Ever heard the term “locus of control”? If you have, maybe you’re not quite sure what it means, or how it plays into the importance of our ability to maintain a healthy and happy life.
The term “locus of control” was first coined by Julian Rotter, an American psychologist (locus is the latin word for “place” or “location”). He developed this influential concept in describing how we see our ability to control what’s going on around us. “How” is the key word. How you feel about your circumstances, whether personal or business, will dictate whether you view the event as a challenge or a threat.
As a Threat (Yes, it’s negative.)
If you feel trapped by your current circumstances then, according to Rotter, your locus of control is externalized: meaning you feel you have no control or influence to change your current circumstances because you feel they are the influence and product of your environment. People who externalize control of their life have feelings of “what’s the use” and “it’s just fate”.
This is a threat to our self-esteem and overall sense of well-being! When control is externalized, it’s easy to feel helpless and to blame others and point the finger at everyone but yourself. You tend to be a negative person and when bad things happen, you have a feeling of hopelessness about changing the outcome and give up more easily when setbacks occur.
As a Challenge (Yes, it’s positive!)
When you feel you have control over your life events and circumstances, then your locus of control is internalized. Ones who internalize control of their life feel like “I’m in control of my destiny” and “my success or failure in life depends on me”. It can be a challenging way of life, but in a good way because YOU are solving problems, creating solutions, being persistent, and affecting the outcome.
When control is internalized, you don’t blame others for the outcome… you blame yourself. In this case, blaming yourself is not a negative but a positive in the sense that you know you made the mistake (if that’s the case), so you can fix it. When control is internalized, you give yourself credit for your successes and failures rather than giving credit to others for these efforts regardless of their outcome.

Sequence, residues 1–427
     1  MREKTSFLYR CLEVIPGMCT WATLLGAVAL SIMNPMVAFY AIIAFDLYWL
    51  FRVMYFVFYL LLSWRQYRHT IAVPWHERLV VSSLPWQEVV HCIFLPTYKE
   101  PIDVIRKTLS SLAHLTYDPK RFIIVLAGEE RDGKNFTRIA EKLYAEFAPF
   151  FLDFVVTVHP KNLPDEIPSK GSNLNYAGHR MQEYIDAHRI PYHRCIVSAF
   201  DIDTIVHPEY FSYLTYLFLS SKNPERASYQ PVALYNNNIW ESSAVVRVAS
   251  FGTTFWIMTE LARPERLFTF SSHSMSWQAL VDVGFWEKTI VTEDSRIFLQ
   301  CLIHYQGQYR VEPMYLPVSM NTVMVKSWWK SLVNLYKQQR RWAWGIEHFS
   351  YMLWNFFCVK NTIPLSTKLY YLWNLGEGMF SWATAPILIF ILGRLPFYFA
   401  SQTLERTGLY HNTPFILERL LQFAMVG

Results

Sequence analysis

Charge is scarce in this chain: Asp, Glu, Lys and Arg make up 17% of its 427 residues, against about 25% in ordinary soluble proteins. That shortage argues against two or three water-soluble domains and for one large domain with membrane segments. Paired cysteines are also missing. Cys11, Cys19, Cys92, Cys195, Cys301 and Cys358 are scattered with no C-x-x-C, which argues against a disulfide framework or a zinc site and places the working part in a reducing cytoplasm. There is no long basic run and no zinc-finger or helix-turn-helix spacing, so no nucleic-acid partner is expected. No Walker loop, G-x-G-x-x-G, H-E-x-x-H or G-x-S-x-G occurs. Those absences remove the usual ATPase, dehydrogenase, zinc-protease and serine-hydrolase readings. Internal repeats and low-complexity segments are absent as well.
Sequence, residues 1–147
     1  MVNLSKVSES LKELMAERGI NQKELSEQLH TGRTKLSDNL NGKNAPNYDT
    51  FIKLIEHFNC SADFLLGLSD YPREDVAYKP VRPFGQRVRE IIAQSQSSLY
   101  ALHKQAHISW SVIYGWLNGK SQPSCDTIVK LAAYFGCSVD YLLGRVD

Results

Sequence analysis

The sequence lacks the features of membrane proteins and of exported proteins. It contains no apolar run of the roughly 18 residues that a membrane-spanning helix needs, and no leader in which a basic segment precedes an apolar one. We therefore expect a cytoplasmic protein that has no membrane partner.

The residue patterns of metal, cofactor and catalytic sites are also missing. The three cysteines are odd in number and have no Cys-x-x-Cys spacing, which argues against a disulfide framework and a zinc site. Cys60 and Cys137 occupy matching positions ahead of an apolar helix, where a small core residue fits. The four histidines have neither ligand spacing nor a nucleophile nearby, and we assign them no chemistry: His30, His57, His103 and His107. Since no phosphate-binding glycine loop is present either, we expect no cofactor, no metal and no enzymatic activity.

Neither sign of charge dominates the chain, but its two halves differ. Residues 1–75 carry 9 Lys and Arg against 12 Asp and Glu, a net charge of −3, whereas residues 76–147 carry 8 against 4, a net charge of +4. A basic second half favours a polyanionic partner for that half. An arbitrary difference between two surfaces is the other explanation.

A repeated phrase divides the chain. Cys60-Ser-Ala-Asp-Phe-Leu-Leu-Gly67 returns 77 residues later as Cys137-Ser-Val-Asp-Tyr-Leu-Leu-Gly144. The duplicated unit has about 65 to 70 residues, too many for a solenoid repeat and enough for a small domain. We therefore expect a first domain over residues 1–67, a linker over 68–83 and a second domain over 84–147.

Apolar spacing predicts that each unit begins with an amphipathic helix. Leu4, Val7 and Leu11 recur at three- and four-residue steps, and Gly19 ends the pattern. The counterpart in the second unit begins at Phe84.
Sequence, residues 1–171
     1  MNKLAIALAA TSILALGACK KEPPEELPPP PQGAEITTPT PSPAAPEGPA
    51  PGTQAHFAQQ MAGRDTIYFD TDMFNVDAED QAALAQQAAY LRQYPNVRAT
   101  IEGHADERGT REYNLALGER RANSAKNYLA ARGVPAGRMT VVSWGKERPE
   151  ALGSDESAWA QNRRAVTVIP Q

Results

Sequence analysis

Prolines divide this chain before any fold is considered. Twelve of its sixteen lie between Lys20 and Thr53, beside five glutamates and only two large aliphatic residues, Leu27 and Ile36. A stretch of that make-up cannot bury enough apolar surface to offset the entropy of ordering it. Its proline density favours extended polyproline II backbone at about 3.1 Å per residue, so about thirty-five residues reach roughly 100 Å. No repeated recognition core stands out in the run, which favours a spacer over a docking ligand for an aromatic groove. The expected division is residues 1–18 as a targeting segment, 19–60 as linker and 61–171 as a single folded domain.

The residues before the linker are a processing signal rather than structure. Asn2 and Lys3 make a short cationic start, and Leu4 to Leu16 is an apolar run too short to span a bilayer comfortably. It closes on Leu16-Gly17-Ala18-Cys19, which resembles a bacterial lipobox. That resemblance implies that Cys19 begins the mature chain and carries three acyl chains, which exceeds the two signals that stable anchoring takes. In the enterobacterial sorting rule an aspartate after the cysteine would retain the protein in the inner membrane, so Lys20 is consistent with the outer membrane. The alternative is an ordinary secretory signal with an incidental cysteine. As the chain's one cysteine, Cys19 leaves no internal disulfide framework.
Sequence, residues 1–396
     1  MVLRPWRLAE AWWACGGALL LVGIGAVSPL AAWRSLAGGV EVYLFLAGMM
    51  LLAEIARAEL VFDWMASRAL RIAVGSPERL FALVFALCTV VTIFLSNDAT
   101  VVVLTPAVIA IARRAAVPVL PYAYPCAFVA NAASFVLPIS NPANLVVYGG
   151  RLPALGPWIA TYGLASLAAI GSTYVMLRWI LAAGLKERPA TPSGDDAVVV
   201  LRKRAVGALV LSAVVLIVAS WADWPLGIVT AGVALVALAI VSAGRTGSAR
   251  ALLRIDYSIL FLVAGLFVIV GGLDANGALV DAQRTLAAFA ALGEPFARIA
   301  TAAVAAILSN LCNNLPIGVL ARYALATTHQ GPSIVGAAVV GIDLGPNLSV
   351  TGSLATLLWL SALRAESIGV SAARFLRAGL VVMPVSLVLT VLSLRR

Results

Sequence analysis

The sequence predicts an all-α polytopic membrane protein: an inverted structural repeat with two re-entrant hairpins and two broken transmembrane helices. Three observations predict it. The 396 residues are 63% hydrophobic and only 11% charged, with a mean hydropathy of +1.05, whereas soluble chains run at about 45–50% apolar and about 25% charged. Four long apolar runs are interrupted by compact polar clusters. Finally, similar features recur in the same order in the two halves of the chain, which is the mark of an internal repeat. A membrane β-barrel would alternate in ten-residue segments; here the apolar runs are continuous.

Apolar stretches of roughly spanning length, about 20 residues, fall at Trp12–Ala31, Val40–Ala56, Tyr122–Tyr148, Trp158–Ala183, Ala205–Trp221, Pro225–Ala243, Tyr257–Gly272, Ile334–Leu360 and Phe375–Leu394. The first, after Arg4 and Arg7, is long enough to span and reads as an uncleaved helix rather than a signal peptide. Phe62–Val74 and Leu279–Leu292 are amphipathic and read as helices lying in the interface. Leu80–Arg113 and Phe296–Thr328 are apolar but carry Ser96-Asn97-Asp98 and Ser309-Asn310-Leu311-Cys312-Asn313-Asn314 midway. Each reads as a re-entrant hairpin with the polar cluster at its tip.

How Our View Affects Our Health
Most of us aren’t even aware of our general locus of control, but yet we know how our feelings of helplessness, or feelings of control, color our day-to-day and level of happiness. Rotter believed that we don’t fall totally into one locus or the other. I personally think it’s worthwhile to find out where you fall on the locus scale. And more importantly, if you lean more on the side of externalizing: how can you tip the scale in favor of internalizing? This is the question we each need to answer. Hmmmm… I see a Part 2 in the future!
If you’re curious as to where you might currently fit in your own locus of control, you can try a quiz on mindtools.com.
A Penn State study that tracked patient’s health for over 10 years is particularly interesting when exploring how our view affects our health and the findings were fascinating.
“This study revealed that participants who became upset by daily stressors and dwelled on them were more likely to suffer from chronic health problems—from pain to cardiovascular issues—10 years later.” – Penn State Study
Additionally, a British study concluded that “Having a stronger sense of control over one’s own life in childhood seems to be a protective factor for some aspects of health in adult life.”
So is there a strong possibility that for those of us that “externalize” our control, by giving this control to others, we are asking for the possibility of future health problems by continually feeling helpless and hopeless?
Since stress level, happiness and well-being seem to be directly impacted by how we view our world, we need to make it our goal to lean more toward feeling in control of events and circumstances. Internalizing seems to be an important and positive contributing factor in decreasing our level of stress and increasing our level of well-being.